Travis Bundrick: ‘Catalysts cultivating change’

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Travis Bundrick is the director of Strategic Church Solutions for the Williamson Baptist Association located in Georgetown, Texas. Formerly the associate director, he has served as director for five years. From deep in the heart of one Texan, he shares his background and thoughts on church and ministry. To suggest a Baptist General Convention of Texas-affiliated leader to be featured in this column, or to apply to be featured yourself, click here. 

Background

Where else have you worked, and what were your positions?

I served for thirty years on various church staff teams as associate pastor, minister of education/administration and executive pastor. In addition, I served as dean of adult education at Dallas Baptist University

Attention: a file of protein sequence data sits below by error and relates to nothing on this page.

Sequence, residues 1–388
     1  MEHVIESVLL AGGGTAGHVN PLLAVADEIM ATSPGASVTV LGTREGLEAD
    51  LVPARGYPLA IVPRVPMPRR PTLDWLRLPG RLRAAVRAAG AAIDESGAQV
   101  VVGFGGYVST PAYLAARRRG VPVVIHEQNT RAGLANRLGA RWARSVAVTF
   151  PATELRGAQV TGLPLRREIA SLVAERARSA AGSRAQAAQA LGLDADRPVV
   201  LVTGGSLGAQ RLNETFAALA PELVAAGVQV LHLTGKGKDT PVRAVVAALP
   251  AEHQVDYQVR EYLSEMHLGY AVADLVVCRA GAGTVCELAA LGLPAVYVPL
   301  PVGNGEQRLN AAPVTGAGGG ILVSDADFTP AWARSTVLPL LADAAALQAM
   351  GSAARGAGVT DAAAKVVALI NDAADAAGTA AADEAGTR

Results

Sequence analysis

Where did you grow up?

Everywhere. My dad was career United States Air Force. Growing up, I lived in Colorado, New Jersey, Panama, Louisiana and Texas.

How did you come to faith in Christ?

The spirit of God drew me to Christ through the example and words of a great family, a Sunday school teacher and VBS. I can still remember as an 11-year-old boy, after talking with my parents about a lesson in Sunday school, going into my room alone and kneeling to ask Jesus to become “boss” of my life!

Where were you educated, and what degrees did you receive?

I received an associate degree from Angelina College in Lufkin, Texas, a B.S. in education/history from Stephen F. Austin University in Nacogdoches and my M.A. in religious education from Southwestern Baptist Theological Seminary in Fort Worth.